• What is the overall organization of blocks we
impose on our cache?
17
Direct Mapped Caches
• Each memory block is mapped to exactly one
block in the cache
– A “cache block” is also called a “cache line”
– Only need to check this single location to see if
block is in cache.
• Cache is smaller than memory
– Multiple blocks in memory map to a single block
in the cache!
– Need some way of determining the identity of the
block.
18
Direct Mapped Cache
Block Address
Index
Tag
Block
offset
Set Select
• Index Used to Lookup Candidates in Cache
Data Select
– Index identifies the set; which address in the cache is the block stored?
• Tag used to identify actual copy
– If no candidates match, then declare cache miss; since multiple memory
addresses can map to the same cache address, which block in memory
did the block come from?
• Block is minimum quantum of caching
– Offset field used to select data within block; which byte within a block is
referenced?
• Address mapping:
– cache index = (memory block address (Tag&Index)) modulo (# of blocks in
the cache)
19
Summary: Tag, Index, Offset
• Tag
– used to distinguish between multiple memory addresses that
map to a given cache block index
• Index
– specifies the cache block index (which “row”/block of the
cache we should look in)
– I bits <=> 2I blocks in cache
• Offset
– once we’ve found correct cache block index, specifies which
byte within the block we want (which “column” in the cache)
– O bits <=> 2O bytes per block
• Each block in memory maps to one block in the cache.
– Index to determine which block
– Tag to determine if it’s the right block
– Offset to determine which byte within block
20
Direct Mapped Cache Example
Main Memory - 6 bit addresses
0000xx
Tag: upper 2 bits  4
0001xx
Cache
memory addresses
0010xx
Index Valid Tag
Data
mapped to the same
0011xx
cache block index
00
0100xx
0101xx
01
Index: middle 2 bits  4
0110xx
10
blocks in cache; Index
0111xx
11
defines which cache
1bit 2bits 4Bytes
block index the mem
1000xx
address is mapped to, by
1001xx
Q: Is the mem block in cache?
modulo 4 arithmetic
1010xx
1011xx
Compare the cache tag to the
Offset: lower 2 bits  1
1100xx
high order 2 memory address
word (4 bytes) per block;
1101xx
Offset defines the byte
bits (Tag) to tell if the
1110xx
within the cache block
memory block is in the cache
1111xx
Index = (block address) modulo (# of blocks in the cache (4))
21
Quiz
• What if we flip positions of Tag and Index? Have
Index as higher-order bits, and Tag as lower-order
bits?
– Exercise: redraw the previous slide with this
configuration
• Bad idea: Neighboring blocks in memory are
mapped to the same cache line, since they share
the same Index value;
– if memory blocks are accessed sequentially, then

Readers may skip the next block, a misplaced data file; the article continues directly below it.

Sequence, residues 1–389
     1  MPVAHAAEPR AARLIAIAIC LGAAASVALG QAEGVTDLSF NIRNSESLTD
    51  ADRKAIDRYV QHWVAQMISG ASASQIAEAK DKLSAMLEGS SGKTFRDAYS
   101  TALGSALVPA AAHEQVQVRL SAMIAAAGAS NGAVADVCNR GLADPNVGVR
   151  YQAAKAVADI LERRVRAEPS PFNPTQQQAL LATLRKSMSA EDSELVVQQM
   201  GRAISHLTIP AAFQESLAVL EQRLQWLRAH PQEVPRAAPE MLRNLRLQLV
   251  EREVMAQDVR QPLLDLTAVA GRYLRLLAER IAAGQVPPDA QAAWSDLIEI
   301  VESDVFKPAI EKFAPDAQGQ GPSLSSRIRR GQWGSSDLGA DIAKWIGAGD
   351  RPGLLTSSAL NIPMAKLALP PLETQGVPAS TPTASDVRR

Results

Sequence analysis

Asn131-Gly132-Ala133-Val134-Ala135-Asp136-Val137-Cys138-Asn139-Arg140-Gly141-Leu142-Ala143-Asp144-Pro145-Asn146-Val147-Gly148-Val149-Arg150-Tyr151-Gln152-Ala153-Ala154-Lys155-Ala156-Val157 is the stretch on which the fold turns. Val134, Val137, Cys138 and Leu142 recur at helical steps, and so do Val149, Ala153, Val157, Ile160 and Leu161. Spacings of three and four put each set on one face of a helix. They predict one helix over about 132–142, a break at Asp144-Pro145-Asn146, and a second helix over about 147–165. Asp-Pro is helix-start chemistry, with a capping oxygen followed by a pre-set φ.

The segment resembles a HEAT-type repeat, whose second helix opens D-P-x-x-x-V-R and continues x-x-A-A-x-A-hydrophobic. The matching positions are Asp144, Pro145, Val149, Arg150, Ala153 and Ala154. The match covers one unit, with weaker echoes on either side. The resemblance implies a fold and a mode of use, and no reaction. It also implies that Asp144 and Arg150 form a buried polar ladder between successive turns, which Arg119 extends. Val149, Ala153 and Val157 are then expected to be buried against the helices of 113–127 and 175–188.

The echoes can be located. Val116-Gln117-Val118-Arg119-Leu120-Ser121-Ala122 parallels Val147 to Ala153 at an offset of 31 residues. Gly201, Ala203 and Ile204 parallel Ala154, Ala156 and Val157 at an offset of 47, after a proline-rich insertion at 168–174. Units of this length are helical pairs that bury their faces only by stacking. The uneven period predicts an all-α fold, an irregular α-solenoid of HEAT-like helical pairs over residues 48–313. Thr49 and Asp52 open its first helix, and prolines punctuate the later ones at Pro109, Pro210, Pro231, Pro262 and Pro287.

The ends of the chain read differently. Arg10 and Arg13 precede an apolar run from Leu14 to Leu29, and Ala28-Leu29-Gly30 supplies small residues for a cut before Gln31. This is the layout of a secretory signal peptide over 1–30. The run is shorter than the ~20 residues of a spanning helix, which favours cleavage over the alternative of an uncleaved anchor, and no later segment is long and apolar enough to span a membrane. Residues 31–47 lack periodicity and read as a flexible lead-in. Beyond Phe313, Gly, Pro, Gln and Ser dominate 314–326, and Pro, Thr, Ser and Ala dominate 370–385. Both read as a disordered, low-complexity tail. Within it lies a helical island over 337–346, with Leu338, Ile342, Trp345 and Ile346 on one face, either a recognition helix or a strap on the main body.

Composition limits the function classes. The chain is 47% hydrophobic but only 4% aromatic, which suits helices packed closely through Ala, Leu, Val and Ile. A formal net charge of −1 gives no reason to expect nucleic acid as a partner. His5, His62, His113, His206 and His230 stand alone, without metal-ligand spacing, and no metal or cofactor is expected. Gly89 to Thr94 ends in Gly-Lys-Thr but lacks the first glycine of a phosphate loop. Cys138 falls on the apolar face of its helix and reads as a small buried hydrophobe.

each new incoming cache block will immediately
replace the previous block at the same cache line,
causing cache thrashing  cannot exploit spatial
locality.
22
Word vs. Byte
• Most modern CPUs, e.g., MIPS, operate
with words (4 bytes), since it is convenient
for 32-bit arithmetic. Entire words will be
transferred to and from the CPU. Hence
the only possible byte offsets are multiples
of 4.
• When we use words as the unit of memory
size, we leave out the last 2 bits of offset
for byte addressing
23
Direct Mapped Cache Example
• 8-bit address space. Tag: 3 bits, Index: 2 bits, Offset: 3 bits
• Index 2 bits  2^2=4 cache blocks
• Offset 3 bits  8 Bytes/block,
– Cache size = 4 blocks * 8 Bytes/block = 32 Bytes (8 words)
• Tag 3 bits  2^3=8 memory addresses mapped to the same
cache index
Byte Offset
V
00
Index
Tag
000
001
010
1WORD
011 100 101 110 111
1WORD
01
10
11
24
Direct
Mapped
Cache
Example
2
32 bit address space. Tag: 20 bits; Index: 8 bits; Offset: 4 bits
•
• 2^8=256 cache blocks, 2^4=16 Bytes/block
– Cache size = 256 blocks * 16 Bytes/block = 4K Bytes (1K words)
• 2^20=1 million memory addresses mapped to each cache index
31 30 . . .
Hit
Tag
Index Valid
13 12 11 . . . 4 3 2 1 0
20
Index
Byte
offset
Data
Block offset
8
Data (words)
Tag
0
1
2
.
.
.
253
254
255
20
and
32
Caching Terminology
• When accessing a memory address, 2
things can happen:
– cache hit:
cache block is valid and refers to the proper
memory address, so read desired word from
cache (fast)
– cache miss:
cache block is invalid, or refers to the wrong
memory address, so read from memory (slow)
26
Direct Mapped Cache Example
•
Consider the 6-bit memory address example; sequence of memory address accesses (Byte
offset bits are ignored, so only 4-bit word addresses: Tag 2bits; Index 2bits)
Start with an empty cache - all
blocks initially marked as not valid
0 miss
00 Mem(0)
Time
01
00
00
00
00
Time
1 miss
00 Mem(0)
00 Mem(1)
4 miss
4
Mem(0)
Mem(1)
Mem(2)
Mem(3)
•
0 1
2
3
4 3 4 15
0000 0001 0010 0011 0100 0011 0100 1111
2 miss
00 Mem(0)
00 Mem(1)
00 Mem(2)
3 hit
01
00
00
00
Mem(4)
Mem(1)
Mem(2)
Mem(3)
8 requests, 6 misses
4
01
00
00
00
3 miss
00
00
00
00
hit
Mem(4)
Mem(1)
Mem(2)
Mem(3)
Mem(0)
Mem(1)
Mem(2)
Mem(3)
15 miss
01
00
00
11 00
Mem(4)
Mem(1)
Mem(2)
Mem(3)
27
15
•
Taking Advantage of Spatial
Locality
Each cache block holds 2 words; so Tag 2bits; Index 1bit; Offset 1bit (for 1 of 2 words in block)
0
Start with an empty cache - all
blocks initially marked as not valid
3 hit
00 Mem(1) Mem(0)
00 Mem(3) Mem(2)
01
3
4
3
4
15
00 Mem(1) Mem(0)
00 Mem(1) Mem(0)
00 Mem(3) Mem(2)
4 miss
00 Mem(1)5 Mem(0) 4
00 Mem(3) Mem(2)
3 hit
01 Mem(5) Mem(4)
00 Mem(3) Mem(2)
4 hit
01 Mem(5) Mem(4)
00 Mem(3) Mem(2)
•
2
0000 0001 0010 0011 0100 0011 0100 1111
1 hit
2 miss
0 miss
00 Mem(1) Mem(0)
1
8 requests, 4 misses
15 miss
01 Mem(5) Mem(4)
11
00 Mem(3) Mem(2)
15
14
28
Miss rate (%)
Miss Rate vs Block Size vs
Cache Size
10
8 KB